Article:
Independent candidate for Cowper Rob Oakeshott says reliable and affordable access to high-speed internet will be a top priority for him, if he is elected to the federal parliament.
On Monday he visited Pacific Legal & Conveyancing, a small law firm in Dorrigo that has been waiting for months to have their fibre-to-the-curb NBN connection activated.
The firm’s directors, Jane Reidy and Nikki Gibson, have resorted to sharing an open letter online to force their telco and NBNCo to take action.
Nikki Gibson said the delay in getting onto the NBN was impacting their ability to deliver services to their clients.
"Our practice management software has moved to the cloud and our current ADSL connection is not adequate to support the cloud-based software," she said. "So we are struggling with no support available to our software licence until we are able to transfer to the cloud."
Mr Oakeshott has also spoken to several small businesses in the Bellingen area, including the North Bellingen Medical Centre, which experienced a surprise outage last week when their RSP did not notify them that the tower supplying their Fixed Wireless telephone and internet service would be out of action for a scheduled upgrade.
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"We were having to rely on a single mobile phone for patient appointments, phone calls from specialists, radiologist and pathology; to notify patients of significant results and other issues," practice manager Sharna Waugh told the Courier-Sun. "And we rely on the internet for many important health and medication databases as well as government health resources."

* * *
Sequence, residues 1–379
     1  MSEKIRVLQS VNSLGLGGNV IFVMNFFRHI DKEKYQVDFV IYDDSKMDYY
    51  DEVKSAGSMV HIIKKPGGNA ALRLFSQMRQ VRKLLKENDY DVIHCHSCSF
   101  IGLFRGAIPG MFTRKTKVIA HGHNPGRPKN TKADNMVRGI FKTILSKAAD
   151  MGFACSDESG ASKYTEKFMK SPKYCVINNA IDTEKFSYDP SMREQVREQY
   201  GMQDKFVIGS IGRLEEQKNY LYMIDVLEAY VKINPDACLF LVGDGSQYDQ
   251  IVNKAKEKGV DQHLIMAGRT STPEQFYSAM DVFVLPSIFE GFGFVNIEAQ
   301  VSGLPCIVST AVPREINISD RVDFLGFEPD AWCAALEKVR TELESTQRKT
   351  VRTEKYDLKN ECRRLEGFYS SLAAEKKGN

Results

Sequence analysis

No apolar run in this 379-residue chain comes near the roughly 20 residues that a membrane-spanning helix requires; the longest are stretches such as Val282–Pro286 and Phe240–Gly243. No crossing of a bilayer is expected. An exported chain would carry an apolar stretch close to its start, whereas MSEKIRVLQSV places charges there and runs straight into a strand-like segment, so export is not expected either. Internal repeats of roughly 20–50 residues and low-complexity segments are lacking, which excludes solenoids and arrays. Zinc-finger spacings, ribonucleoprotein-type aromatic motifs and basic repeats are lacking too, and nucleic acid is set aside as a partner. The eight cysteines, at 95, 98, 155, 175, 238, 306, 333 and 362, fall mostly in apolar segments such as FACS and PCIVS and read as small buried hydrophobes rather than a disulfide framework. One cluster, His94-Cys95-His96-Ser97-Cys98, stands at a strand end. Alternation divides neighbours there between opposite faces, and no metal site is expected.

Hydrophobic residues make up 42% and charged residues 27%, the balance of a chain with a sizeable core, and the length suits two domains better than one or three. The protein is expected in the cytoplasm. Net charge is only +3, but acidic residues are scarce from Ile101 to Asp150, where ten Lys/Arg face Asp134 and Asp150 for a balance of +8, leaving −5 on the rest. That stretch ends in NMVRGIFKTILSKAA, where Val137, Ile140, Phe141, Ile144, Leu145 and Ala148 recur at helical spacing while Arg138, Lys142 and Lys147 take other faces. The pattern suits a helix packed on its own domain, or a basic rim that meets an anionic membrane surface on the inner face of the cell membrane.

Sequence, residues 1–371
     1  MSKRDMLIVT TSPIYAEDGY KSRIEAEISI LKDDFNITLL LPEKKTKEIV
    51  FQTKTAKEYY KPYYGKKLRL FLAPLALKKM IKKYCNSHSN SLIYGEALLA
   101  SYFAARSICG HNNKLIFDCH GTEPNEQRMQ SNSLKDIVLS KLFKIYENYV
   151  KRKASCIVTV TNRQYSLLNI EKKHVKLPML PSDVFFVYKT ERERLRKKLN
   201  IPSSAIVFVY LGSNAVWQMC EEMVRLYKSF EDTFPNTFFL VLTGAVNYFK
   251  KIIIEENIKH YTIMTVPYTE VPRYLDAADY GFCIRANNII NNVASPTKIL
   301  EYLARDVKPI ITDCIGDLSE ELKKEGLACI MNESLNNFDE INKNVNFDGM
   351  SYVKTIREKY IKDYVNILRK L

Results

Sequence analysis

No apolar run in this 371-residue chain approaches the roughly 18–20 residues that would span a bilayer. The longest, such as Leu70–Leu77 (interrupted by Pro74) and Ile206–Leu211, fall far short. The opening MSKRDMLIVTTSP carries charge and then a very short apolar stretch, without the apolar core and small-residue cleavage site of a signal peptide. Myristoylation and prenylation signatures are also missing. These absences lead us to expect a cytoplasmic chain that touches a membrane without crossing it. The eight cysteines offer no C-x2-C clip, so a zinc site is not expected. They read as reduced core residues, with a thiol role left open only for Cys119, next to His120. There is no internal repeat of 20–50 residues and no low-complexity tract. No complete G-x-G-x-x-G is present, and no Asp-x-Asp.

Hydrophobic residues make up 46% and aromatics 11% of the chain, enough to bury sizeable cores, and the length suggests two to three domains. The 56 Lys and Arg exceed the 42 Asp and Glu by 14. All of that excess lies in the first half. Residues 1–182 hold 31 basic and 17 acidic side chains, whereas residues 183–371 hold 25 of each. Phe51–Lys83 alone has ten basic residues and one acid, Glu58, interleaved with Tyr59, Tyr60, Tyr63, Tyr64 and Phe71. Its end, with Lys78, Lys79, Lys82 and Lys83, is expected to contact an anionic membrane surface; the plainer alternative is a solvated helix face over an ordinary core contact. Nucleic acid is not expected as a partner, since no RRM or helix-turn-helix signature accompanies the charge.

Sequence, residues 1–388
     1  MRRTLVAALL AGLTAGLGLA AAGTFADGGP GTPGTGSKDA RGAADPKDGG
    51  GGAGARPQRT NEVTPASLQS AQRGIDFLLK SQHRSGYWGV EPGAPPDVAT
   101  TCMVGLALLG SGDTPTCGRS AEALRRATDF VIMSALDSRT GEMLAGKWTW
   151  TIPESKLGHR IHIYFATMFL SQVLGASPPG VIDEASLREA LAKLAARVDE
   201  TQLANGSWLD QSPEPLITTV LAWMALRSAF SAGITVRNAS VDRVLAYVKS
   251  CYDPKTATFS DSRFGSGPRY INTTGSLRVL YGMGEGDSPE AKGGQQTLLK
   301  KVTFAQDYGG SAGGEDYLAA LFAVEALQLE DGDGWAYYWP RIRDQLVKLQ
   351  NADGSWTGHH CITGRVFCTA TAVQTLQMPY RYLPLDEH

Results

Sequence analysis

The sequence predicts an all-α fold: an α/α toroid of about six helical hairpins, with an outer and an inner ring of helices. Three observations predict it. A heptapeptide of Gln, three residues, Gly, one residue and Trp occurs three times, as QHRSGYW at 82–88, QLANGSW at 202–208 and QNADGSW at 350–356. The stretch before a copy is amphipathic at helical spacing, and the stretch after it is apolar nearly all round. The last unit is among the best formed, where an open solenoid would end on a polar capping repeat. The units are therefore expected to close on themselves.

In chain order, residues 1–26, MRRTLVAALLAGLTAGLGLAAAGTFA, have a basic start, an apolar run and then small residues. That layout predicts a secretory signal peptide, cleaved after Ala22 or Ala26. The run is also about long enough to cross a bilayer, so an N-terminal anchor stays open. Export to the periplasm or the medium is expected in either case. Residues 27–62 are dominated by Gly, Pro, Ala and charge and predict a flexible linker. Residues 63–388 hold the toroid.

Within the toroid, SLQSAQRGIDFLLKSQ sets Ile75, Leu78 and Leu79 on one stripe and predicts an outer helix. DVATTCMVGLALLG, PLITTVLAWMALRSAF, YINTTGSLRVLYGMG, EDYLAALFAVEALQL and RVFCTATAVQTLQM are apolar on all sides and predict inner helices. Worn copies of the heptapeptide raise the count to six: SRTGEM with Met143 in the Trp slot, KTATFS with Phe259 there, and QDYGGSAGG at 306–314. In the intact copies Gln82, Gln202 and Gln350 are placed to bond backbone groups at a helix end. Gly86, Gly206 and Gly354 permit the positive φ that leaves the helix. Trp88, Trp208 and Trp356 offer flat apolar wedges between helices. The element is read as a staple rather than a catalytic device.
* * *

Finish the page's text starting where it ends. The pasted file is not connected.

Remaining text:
Mr Oakeshott said this was simply not acceptable for a small business.
“These are just some of the examples I’ve heard from people around our region who are frustrated with their sub-par internet connections, due to the lack of a sensible and equitable National Broadband Network policy."
If elected, Mr Oakeshott said he would work with other MPs to ensure a minimum service standard for NBN speed, installation and servicing in regional areas, including standards on timely responses to faults and outages.
As minimum download and upload speeds, he nominated 25/5 Mbps.
"It is a bare minimum, but it's actually what was promised by government in 2013 when they made the change to downgrade from FTTP," he said.
Mr Oakeshott agreed that this was still the promised standard, but said "lived experience is massively below that", especially in regional areas like Bellingen where Fixed Wireless has been extended into townships instead of being restricted to rural outskirts.
He wants the government to map out a work schedule towards fibre-to-the-premises and will resist calls to declare the job done and privatise the network while the Mixed Technology Model remains in force.
"The trail of damage to business of having copper still in the network and this mixed model is an unreliable, intermittent, costly service that is just frustrating the daylights out of way too many people," he said.
"If privatisation is allowed to progress while communities like Bellingen still have this mixed model with fixed wireless and unsatisfactory standards of downloads and uploads, that'll never get addressed."
Mr Oakeshott also wants a Universal Service Obligation to stipulate acceptable timeframes for resolving faults and problems.
"It's averaging about 20 days," he said. "That's a long time in regional business. I think we could argue it should come down to 48 to 72 hours."